[photopress:blog.jpg,thumb,alignright]I’d like your opinions on this one. Still scratching my head over this scenario. Five brokers got together after it closed and had FIVE DIFFERENT opinions! That’s the day I realized that NONE of us seem to agree on “THE RULES” anymore and hence the day that I started supporting alternative business models. When five real estate brokers can’t agree on the rules, then it’s a free for all and anyone can play it any way they want, is how I saw it at the end of this scenario. What do you think?
Brand new agent is working with a buyer friend/client who lives in her building. They see each other most every day, though they first met at an Open House in the same building where they both live. Agent wrote an offer for this buyer on the property where they first met, but that buyer didn’t get it. So they continued to look at property together for weeks, maybe months.
Since the agent was new, never sold a house, the broker and associate broker of the company often accompanied the new agent and buyer when viewing property and always when the buyer was interested in the property and ready to write an offer. So the buyer was well served and well covered on all fronts and had even been to the home of the broker and the home of the agent.
One day the associate broker suggested to the buyer and the buyer’s agent, that the buyer sign a Buyer Broker Agreement so that the agent could solicit For Sale By Owner and unlisted sellers on behalf of the buyer. This way the seller would know the agent was not representing them, but the buyer, when asking if they might be interested in moving and selling. Since the buyer knew pretty much exactly where she wanted to live, the associate broker felt a little “door knocking” was in order and a Buyer Broker Agreement needed since the door knocking was in the building where both the agent and the buyer lived. Both agreed and the buyer signed a buyer agency agreement.
One day the Broker received a call from an agent regarding a property that had been on market a very long time. Three brand new townhomes that no one seemed to want to buy for many months in a hot market. The agent wanted the broker to come and see that one with her and the buyer, but the broker had already seen it and felt the agent could “handle” showing it on her own, which she did. While the agent was showing, the associate broker contacted the listing agent regarding the availability of the townhomes and to ask some other questions. The listing agent replied saying “Please bring your clients!”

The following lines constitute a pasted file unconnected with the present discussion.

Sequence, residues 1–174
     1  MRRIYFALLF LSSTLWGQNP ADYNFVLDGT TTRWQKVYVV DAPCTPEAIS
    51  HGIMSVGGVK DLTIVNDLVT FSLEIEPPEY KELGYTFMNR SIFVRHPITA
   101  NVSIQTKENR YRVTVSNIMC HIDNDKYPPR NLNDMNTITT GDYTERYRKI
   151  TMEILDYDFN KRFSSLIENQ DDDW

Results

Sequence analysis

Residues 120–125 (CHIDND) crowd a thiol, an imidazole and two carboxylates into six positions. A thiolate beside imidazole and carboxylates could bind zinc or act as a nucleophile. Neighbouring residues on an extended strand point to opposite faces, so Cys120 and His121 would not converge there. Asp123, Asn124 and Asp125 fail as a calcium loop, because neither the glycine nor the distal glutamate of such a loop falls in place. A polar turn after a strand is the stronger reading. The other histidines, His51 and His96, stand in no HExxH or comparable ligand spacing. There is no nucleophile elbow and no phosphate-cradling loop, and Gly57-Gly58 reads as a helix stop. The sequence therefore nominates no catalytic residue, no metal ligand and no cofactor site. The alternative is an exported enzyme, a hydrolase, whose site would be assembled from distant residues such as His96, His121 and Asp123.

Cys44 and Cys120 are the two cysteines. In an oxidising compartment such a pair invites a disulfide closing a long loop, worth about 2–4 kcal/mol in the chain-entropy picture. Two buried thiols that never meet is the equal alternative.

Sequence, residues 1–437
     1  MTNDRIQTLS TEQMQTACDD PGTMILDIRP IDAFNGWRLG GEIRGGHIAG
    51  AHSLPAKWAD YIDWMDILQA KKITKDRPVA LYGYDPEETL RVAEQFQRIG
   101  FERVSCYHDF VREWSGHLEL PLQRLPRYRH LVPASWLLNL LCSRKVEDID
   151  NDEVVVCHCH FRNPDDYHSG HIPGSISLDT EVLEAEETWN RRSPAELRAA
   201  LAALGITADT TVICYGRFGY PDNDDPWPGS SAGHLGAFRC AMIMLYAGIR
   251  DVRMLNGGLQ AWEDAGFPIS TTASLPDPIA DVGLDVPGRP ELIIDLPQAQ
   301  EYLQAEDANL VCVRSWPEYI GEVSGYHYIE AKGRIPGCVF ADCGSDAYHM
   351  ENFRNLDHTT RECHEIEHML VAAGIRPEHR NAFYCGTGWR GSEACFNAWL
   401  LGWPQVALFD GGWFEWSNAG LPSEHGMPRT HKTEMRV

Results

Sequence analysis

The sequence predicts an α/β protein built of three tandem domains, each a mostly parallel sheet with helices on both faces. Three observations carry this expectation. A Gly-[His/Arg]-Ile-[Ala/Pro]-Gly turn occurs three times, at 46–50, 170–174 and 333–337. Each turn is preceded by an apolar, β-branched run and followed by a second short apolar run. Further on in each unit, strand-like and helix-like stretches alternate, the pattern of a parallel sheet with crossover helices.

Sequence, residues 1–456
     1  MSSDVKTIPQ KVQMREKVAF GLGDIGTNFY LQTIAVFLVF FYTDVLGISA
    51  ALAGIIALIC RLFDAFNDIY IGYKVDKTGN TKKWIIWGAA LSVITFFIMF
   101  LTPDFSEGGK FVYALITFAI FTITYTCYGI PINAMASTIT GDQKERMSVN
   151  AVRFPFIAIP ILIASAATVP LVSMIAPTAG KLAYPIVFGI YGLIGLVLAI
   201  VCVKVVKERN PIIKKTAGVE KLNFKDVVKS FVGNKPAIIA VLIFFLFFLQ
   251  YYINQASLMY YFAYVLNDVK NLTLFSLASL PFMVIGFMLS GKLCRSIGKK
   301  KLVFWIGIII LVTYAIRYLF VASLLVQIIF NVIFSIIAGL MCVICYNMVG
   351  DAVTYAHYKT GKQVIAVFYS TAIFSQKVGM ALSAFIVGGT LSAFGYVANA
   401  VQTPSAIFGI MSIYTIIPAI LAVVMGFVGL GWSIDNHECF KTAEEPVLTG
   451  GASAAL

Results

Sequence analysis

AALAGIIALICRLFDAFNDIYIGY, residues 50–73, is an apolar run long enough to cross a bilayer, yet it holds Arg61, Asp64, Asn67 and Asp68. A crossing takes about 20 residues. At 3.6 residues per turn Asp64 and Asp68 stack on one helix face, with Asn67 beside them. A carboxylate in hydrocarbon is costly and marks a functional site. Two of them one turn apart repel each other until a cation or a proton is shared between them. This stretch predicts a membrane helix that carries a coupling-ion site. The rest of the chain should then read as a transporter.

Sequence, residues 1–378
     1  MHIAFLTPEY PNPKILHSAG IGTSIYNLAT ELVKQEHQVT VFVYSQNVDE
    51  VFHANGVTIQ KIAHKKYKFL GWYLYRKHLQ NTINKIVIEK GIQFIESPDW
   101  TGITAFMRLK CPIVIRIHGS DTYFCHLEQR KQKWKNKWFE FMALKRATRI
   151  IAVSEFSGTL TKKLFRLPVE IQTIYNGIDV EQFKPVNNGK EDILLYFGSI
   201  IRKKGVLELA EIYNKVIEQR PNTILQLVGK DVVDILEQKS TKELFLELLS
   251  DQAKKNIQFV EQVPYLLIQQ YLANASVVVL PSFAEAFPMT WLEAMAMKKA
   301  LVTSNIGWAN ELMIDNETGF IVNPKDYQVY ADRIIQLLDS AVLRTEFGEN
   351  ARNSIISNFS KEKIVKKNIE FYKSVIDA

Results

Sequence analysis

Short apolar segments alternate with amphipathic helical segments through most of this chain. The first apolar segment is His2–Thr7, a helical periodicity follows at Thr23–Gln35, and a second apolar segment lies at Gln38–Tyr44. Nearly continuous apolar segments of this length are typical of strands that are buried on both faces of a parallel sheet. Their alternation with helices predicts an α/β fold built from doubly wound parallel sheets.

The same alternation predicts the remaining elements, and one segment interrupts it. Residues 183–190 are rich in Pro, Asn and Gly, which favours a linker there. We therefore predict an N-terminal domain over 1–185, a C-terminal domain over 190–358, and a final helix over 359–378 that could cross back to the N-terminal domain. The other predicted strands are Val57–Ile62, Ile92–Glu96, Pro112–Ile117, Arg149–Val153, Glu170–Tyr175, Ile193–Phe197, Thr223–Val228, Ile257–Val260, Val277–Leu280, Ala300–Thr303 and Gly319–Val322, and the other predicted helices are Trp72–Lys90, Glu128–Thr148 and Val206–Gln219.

The buyer that same day decided to make an offer on a different property, and she got beat out by a cash buyer. The day the buyer found out she was beaten by a cash buyer, she called the listing agent to see if the other new construction property was still available. She could pretty much see the sign from her window and just picked up the phone and called from the sign before bothering the broker (agent having gone on vacation).
OK – here’s where you have to start paying close attention.
Buyer calls listing agent to see if it is available.
Listing agent says “Yes, but you better HURRY and get your agent to write that offer.” (8 months on market and 3 of them for sale)
Buyer says, “I just wanted to know if it was available, I can’t afford it anyway”.
Listing Agents says, “What can you afford?”.
Buyer says “$90,000 less than the asking price.”
Listing Agent says “I can’t let it go for that, but I can do it at $60,000 less than asking price.”
Buyer almost falls on the floor and says…OK…
Listing Agent again says “hurry”.
Buyer starts to say, thinking to herself, “My agent went on vacation…” before she gets to “I’ll need to call the broker…”
Listing Agent jumps in and says…”No problem, I’ll write up, I’ll even come to your house and do it.”
Listing Agent gets to buyer’s house
Buyer starts backpeddling, “I really can’t afford more than $90,000 less than asking price…”
Listing Agent says, “I can’t let it go for less than $60,000 under asking BUT the seller can pay 2% of the sale price toward your closing costs,IF we only pay your agent 1% of the 3% commission.”
Buyer says, “Can you do that?”
Agent’s says, “Sure, it’s called a ‘referral fee’ and I do it all the time.
Listing Agent writes into the contract…”Selling Office Commission of 3% to be divided as follows: 1% to Buyer’s Agent and 2% to Buyer to pay closing costs.”
Basically…listing agent “pulled a Redfin” our of her hat.
In doing so, the listing agent sold all three of the townhomes for the seller, as everyone was waiting for someone to buy one. Once he had a contract on one, he was able to get all three in contract within 48 hours.
So Listing Agent did a GREAT job for his seller client, by getting all three that had been on market for 8 months SOLD in 48 hours by twisting the arm of someone else’s client. Some say that was his job and a good thing.
Buyer was left totally unrepresented and didn’t realize that “a referral fee” did not give her representation AND she didn’t notice that the contract she signed with the Listing Agent to buy the house said “NO ONE is to REPRESENT the buyer and ONLY the seller is represented”. It didn’t state it that clearly. Two little blocks were checked where it said SELLER, leaving the buyer unrepresented. But the buyer chose to live with that in the end, after it was explained to her by the associate broker of the buyer’s agent a week later, in exchange for 2% of the buyer agent fee.
Your thoughts? A lot of agents know who the Listing Agent is, because the agent does this a lot. Please do not use the agent’s name in your comment. I will have to delete it if you do. Let’s keep this “generic”.